The second meaning of “fourth wave” is much more in line with Rebecca Walker’s usage: a buzzword from a manifesto.
Like most good liberals, I was totally on board with transgender “liberation.” After all, it’s the next civil rights struggle, right? I’ve marched against war, racism, for health care, for women’s and gay and lesbian rights. In the 1980s, I surfed the Second Wave of feminism, loving who I chose, dressing as I chose, speaking my mind, and living the life of equality first wavers like Susan B. Anthony, Charlotte Gilman, and Emma Goldman fought so hard for. I was a two-time election worker on President Obama’s campaigns. In the past couple of years, I celebrated as homophobic laws toppled, state by state, and gay marriage morphed into mainstream reality. And until recently, I’ve had the unexamined, vague conviction that the “T” in LGBT was part of the same good trend: more inclusion for the marginalized.
But that has all changed. I’ve shifted from the cookie-cutter progressive vantage point I inhabited only a few months ago. It’s not a 180 turnaround. I believe in civil rights for all people, and I don’t think trans people should face job, housing, or other discrimination. But I no longer see transgenderism as a liberation movement. From where I now stand, I see it as a profound and fundamentally conservative undermining of the gains of the Second Wave of feminism. It’s the Third Wave, a tsunami of narcissism, of post-modernist relativism run amok…a hall of mirrors, wave upon wave of shiny, YouTube transition videos and Tumblr confessions… where subjective feelings and ideas always trump physical reality.
Something has gone wrong. Very wrong. I’ve been asleep for 20 years, but now I’m waking up…because my own teenage daughter is being churned and tossed in this very turbulent sea. […]
What happened to: women can be anything they want to be? Shave your legs, don’t, cut your hair, don’t….love who you want, work on cars, have a child, don’t….that’s liberation as I’ve always understood it. But Second Wave feminism is considered stodgy and old fashioned now. Despite its fundamentally liberating message to women.
A 4th Wave of Feminism. We need it. We need it NOW.
Around the beginning of 2015, the teen child of a TERF announced that they didn’t identify with the gender they were assigned at birth. This scenario usually causes someone to rethink their bigotry, such as what happened to Dick Cheney. Not here; instead, this mother doubled down and started up a hub for activism.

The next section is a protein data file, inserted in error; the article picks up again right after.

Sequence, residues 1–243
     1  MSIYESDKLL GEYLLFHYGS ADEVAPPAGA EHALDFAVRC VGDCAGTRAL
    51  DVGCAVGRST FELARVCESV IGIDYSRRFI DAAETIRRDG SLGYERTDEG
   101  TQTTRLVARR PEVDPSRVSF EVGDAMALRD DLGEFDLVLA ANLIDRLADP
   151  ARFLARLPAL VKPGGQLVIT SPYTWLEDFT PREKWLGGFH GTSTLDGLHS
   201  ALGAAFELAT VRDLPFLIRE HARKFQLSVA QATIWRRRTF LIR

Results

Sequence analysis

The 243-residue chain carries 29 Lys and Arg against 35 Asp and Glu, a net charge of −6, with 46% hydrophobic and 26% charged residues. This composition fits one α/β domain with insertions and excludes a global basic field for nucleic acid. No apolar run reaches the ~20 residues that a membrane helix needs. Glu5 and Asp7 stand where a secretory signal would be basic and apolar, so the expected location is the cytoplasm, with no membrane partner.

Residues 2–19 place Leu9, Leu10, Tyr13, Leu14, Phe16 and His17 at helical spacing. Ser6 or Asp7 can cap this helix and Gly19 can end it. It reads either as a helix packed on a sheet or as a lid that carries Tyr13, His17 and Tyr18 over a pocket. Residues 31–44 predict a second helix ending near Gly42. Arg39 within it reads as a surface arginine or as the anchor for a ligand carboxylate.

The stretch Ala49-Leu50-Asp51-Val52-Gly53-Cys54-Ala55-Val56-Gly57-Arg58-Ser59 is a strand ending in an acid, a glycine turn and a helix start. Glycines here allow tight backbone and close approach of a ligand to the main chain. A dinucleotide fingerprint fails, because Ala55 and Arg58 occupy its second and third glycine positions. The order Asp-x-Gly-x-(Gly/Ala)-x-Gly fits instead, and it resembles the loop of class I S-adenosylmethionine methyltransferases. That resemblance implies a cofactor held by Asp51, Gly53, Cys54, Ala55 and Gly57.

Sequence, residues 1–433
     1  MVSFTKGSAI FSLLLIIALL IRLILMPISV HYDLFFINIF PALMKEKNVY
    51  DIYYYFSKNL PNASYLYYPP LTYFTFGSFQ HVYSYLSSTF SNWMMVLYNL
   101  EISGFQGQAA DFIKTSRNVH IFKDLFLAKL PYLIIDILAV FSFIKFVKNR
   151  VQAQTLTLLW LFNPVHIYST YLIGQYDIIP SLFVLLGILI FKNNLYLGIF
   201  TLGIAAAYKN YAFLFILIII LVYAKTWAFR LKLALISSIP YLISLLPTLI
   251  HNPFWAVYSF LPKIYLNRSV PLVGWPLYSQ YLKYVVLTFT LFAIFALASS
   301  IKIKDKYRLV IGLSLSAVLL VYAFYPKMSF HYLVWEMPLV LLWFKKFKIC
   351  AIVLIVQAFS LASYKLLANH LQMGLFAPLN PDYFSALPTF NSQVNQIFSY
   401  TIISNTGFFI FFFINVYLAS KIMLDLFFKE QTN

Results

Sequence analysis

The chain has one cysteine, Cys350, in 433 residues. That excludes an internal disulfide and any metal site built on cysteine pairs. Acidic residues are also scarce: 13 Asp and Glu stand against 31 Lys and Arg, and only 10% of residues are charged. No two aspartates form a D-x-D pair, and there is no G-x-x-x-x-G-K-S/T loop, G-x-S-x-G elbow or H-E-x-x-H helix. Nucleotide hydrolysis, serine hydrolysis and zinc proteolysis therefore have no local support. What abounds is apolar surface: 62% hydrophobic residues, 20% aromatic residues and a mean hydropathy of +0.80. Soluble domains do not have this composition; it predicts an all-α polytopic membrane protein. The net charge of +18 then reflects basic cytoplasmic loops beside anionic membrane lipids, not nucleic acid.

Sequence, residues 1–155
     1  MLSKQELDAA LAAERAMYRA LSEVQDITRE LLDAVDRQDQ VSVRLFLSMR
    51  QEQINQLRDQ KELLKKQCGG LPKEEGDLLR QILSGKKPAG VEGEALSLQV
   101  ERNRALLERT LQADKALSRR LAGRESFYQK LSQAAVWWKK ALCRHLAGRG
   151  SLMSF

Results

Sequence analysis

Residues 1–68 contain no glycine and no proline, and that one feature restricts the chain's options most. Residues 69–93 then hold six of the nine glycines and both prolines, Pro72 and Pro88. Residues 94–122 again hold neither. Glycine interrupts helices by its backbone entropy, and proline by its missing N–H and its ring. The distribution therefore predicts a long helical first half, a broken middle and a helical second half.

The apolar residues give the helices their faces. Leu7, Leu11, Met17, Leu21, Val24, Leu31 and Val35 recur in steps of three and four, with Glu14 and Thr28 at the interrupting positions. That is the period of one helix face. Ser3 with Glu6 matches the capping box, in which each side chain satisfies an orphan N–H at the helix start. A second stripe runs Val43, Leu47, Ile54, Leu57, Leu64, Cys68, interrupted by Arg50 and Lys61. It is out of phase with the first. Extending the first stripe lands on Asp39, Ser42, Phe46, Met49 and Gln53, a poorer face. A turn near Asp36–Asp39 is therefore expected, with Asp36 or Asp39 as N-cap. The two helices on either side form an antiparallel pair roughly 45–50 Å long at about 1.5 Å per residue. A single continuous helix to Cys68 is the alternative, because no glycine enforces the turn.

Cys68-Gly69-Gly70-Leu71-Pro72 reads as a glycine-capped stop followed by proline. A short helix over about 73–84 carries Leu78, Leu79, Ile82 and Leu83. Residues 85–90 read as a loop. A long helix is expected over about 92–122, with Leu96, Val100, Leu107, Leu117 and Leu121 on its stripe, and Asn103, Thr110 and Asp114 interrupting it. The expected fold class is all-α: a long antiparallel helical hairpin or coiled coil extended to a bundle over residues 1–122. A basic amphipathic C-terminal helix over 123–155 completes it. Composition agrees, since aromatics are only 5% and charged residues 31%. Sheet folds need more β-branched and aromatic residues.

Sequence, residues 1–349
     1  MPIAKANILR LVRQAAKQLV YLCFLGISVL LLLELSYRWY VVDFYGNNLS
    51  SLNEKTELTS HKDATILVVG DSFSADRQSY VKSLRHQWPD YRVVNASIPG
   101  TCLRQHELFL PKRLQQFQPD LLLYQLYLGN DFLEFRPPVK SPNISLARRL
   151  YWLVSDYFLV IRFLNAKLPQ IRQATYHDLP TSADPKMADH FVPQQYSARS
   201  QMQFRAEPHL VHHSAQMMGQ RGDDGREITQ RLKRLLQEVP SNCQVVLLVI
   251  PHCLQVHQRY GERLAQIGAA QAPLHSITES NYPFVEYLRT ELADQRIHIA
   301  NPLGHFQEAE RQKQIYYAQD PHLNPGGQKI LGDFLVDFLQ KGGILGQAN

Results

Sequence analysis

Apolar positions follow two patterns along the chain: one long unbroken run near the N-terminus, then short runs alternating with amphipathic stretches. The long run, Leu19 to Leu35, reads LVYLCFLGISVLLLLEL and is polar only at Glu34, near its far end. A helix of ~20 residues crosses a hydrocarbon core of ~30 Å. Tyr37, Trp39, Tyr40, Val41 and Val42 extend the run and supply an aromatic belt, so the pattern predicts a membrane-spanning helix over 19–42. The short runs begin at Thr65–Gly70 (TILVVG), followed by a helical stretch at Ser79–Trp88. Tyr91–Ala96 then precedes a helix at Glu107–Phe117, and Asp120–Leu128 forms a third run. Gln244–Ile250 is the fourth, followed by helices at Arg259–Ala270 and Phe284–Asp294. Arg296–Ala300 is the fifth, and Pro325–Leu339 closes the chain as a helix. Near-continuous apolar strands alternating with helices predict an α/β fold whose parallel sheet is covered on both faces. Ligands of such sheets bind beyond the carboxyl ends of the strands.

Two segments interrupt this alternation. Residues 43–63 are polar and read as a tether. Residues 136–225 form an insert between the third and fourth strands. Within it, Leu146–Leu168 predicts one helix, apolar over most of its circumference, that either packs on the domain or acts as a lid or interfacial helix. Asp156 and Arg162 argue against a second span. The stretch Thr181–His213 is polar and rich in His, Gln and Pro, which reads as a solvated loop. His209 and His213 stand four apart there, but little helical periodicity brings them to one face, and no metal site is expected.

4thWaveNow is a place for other open-minded parents of “gender non-conforming” girls and women who are questioning the dominant trans-driven paradigm. Note please: It’s not a place for homophobes or religious zealots who think their offspring will go to hell for making the wrong choices. It’s for clear thinkers who aren’t afraid to call the trans agenda what it is: a regressive cult.
It’s lonely for parents like us. Nowadays, a mother or father who questions whether lifelong drugs and surgery—leading to permanent, lifelong physical and psychological changes—is the right thing for their child is vilified.
This blog is also a place for women-born-women (sorry—I’m not really interested in hearing from transwomen) of all ages who are troubled by the trans phenomenon.
This is the second meaning of “fourth wave.” It is no less a political convenience than “second” and “third wave,” with only a tenuous relation to reality, but at least those two were fighting against bigotry. This second meaning, in contrast, appropriates feminist terminology to promote bigotry. It is a manifesto for TERFs to deny medical care to children and deny the rights of transgender people. If unopposed, it could become dominant over the first meaning, in the same way “second wave” went from an insult to a feel-good brand. TERFs have already hijacked the term “radical feminist” to their own ends, so this is a plausible concern.
It is thus worth knowing about both meanings, and pushing back against the bigoted version to prevent another successful brand hijack.